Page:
11 Jan Connecting with Teletherapy Clients in a Virtual World
The need for quality behavioral health services has been heightened and highlighted during the COVID pandemic. The value and importance of behavioral health services have become part of the national conversation in recent months. It is clear that a therapists services are an essential part of helping people navigate these difficult times. The pandemic has led to growth in the behavioral services community, but much of that growth is coming from teletherapy sessions. The research into the effectiveness on teletherapy is encouraging because it shows that this type of therapy has the potential to be as effective as in-person therapy for a long list of mental health concerns. Teletherapy has also made it easier for a broader range of the population to access therapy, including those living in remote areas with limited access to care. Despite the benefits of teletherapy – especially now when it’s not an option to meet face-to-face in many areas – it can be difficult for clients to feel connected in the same way as they do when meeting in person. In order to connect with patients in a world where mental health services are happening virtually, you need to have some resources and tools that keep your clients engaged in the process.
Help Clients Engage with Multiple Senses
When you have a face-to-face session with a client, you can get clues about what the client is experiencing through a number of elements such as body language, appearance, affect, and interactions with the environment. There is a wealth of research that supports the importance of nonverbal communication during therapy. Conducting an individual or group therapy session through teletherapy can make it more difficult to pick up on those subtle cues, making it more difficult to create and maintain a connection with your clients. One way to overcome this tendency is to help clients engage multiple senses during teletherapy sessions. For example, instead of relying on your own observations of your client’s body language through the screen, teach your patient to notice and describe what is happening physically throughout the session. The process of drawing attention to the physical changes that happen during therapy can help you and the client connect and remain engaged. This process can work in group teletherapy as well by involving everyone in the process of noticing the physical changes that happen with themselves and other group members throughout the therapy process. Being in the same physical space is not possible during teletherapy, but you can continue to use physical cues to keep your patients engaged in the process.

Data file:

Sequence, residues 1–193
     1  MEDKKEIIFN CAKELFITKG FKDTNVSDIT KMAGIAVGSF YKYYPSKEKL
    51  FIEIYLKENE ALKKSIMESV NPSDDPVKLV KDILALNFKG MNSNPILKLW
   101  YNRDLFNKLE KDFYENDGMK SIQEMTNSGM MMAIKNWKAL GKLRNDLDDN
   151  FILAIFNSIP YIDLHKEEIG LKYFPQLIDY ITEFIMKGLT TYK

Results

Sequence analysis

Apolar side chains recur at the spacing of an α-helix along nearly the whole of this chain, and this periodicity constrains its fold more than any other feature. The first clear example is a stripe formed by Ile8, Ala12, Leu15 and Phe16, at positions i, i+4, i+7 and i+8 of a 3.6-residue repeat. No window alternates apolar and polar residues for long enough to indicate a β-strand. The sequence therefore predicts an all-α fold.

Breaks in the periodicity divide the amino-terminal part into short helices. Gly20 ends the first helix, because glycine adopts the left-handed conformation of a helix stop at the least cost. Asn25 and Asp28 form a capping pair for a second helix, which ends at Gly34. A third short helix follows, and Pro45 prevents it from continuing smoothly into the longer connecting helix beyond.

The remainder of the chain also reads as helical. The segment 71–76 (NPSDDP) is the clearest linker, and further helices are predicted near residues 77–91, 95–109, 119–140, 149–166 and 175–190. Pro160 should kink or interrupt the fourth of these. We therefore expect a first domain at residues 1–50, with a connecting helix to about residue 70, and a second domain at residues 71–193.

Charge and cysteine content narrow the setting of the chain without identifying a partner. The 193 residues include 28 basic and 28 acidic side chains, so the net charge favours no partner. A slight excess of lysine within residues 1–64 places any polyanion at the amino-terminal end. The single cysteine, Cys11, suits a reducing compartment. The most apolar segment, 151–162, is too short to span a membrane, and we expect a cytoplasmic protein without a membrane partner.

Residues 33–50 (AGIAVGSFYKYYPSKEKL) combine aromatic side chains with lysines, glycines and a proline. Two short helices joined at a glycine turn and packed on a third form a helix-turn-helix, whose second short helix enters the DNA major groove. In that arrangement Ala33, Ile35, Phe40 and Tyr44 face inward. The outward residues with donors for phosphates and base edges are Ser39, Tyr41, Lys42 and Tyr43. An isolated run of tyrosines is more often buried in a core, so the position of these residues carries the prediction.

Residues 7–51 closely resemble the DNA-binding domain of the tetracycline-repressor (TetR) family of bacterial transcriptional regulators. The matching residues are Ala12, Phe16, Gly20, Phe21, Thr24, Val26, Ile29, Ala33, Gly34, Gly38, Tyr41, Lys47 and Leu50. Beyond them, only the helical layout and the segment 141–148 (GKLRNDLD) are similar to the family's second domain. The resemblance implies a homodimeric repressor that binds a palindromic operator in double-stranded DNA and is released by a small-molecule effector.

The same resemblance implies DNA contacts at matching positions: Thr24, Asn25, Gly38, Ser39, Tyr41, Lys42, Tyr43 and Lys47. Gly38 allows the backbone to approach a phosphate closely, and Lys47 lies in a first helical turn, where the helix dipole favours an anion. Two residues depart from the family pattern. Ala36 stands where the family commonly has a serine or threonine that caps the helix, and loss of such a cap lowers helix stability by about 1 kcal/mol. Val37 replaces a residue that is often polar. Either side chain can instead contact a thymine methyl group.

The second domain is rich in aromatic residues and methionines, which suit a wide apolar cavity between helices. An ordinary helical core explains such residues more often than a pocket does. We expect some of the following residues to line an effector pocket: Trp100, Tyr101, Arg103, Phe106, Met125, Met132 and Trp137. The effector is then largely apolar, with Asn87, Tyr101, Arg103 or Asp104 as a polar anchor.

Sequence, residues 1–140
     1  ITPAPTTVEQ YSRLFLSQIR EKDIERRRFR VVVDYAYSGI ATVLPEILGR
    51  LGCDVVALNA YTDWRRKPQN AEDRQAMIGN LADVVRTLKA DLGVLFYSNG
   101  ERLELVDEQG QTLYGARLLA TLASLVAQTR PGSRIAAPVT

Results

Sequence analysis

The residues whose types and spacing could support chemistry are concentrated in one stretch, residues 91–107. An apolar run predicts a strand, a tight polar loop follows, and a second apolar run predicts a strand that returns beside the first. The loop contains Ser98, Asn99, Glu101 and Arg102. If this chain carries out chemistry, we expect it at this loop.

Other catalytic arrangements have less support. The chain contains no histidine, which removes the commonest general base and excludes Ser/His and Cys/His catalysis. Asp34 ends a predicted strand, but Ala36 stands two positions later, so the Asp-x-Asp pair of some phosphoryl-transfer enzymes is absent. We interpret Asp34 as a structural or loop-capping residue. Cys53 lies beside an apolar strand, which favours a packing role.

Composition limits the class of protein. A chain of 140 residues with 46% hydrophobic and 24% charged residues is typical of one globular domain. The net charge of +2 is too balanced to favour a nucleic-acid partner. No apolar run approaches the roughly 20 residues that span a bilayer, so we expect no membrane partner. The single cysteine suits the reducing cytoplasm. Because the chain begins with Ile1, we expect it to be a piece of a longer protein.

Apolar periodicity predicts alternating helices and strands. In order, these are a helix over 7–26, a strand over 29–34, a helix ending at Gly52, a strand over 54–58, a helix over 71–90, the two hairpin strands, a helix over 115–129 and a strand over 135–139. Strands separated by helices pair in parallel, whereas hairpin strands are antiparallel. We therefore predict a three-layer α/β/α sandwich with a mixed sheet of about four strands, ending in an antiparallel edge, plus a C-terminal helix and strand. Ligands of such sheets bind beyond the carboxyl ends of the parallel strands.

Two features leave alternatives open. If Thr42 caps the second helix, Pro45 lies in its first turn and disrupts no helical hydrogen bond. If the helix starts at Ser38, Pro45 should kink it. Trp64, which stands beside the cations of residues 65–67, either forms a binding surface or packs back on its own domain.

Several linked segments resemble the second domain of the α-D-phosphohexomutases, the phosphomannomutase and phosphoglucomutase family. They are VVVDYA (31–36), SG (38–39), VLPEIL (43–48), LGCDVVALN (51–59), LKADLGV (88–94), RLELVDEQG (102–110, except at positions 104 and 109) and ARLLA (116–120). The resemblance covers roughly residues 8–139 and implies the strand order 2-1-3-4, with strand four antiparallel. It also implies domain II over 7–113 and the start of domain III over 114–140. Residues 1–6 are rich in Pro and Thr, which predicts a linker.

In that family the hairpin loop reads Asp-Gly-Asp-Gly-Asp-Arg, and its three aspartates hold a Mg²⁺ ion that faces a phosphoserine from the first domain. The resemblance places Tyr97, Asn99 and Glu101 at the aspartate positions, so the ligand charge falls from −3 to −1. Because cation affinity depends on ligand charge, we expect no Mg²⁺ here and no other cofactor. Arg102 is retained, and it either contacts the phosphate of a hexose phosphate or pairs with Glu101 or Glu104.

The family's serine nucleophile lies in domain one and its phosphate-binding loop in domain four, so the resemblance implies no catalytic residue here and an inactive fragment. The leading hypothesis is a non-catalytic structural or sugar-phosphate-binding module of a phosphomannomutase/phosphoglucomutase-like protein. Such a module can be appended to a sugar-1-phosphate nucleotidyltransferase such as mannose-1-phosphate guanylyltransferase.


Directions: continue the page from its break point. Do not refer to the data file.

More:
Make Homework a Priority
In a world where just about everything is currently done at home – work, school, therapy – it may be difficult for patients to create separation between the different areas of their life. As a behavioral healthcare provider, you may be feeling the same way. When you meet with a client in person, it is easy to differentiate between what happens in the session and what needs to happen at home. With teletherapy, those lines can seem a little blurry. You may feel hesitant to assign clients ‘homework’ when they are already doing therapy sessions from home. The reality is, however, that this homework can be an important part of keeping patients engaged with you and with the process. For example, if you practice Cognitive Behavioral Therapy, you have likely used therapeutic journaling with clients in the past. The research on therapeutic journaling shows that it can provide a number of benefits including decreased mental distress and improved well-being. Using homework tools such as therapeutic journaling can help teletherapy clients stay engaged between sessions.
Remember that Many Clients are Accustomed to Interacting Virtually
The transition from meeting with clients in person to seeing them primarily in a teletherapy setting can be difficult. It may be a struggle for some behavioral health clinicians to develop a connection with a client without seeing them in person. It is important to remember that while you may think it is difficult to connect with clients in a virtual world, your clients do not necessarily feel the same way. Virtual meetings and Zoom family gatherings have become “the norm”. Some clients may even feel more freedom to connect and engage with you because the therapy is done virtually. You may find that you have clients who are willing to engage in therapy virtually but would not be willing to engage in therapy in a traditional, in person setting.
Connecting with patients and keeping them engaged during individual or group therapy can be a challenge whether you meet face-to-face or through teletherapy. It can feel more difficult to connect with patients in a virtual world because there is so much information to be gained by being in the same room. Unfortunately, the COVID-19 pandemic has eliminated the option for in-person therapy for many people. The good news about the increase in teletherapy is that research supports it as an effective alternative to in-person therapy. Going forward, teletherapy can open up therapy as an option for people who are unable or unwilling to attend traditional, face-to-face sessions.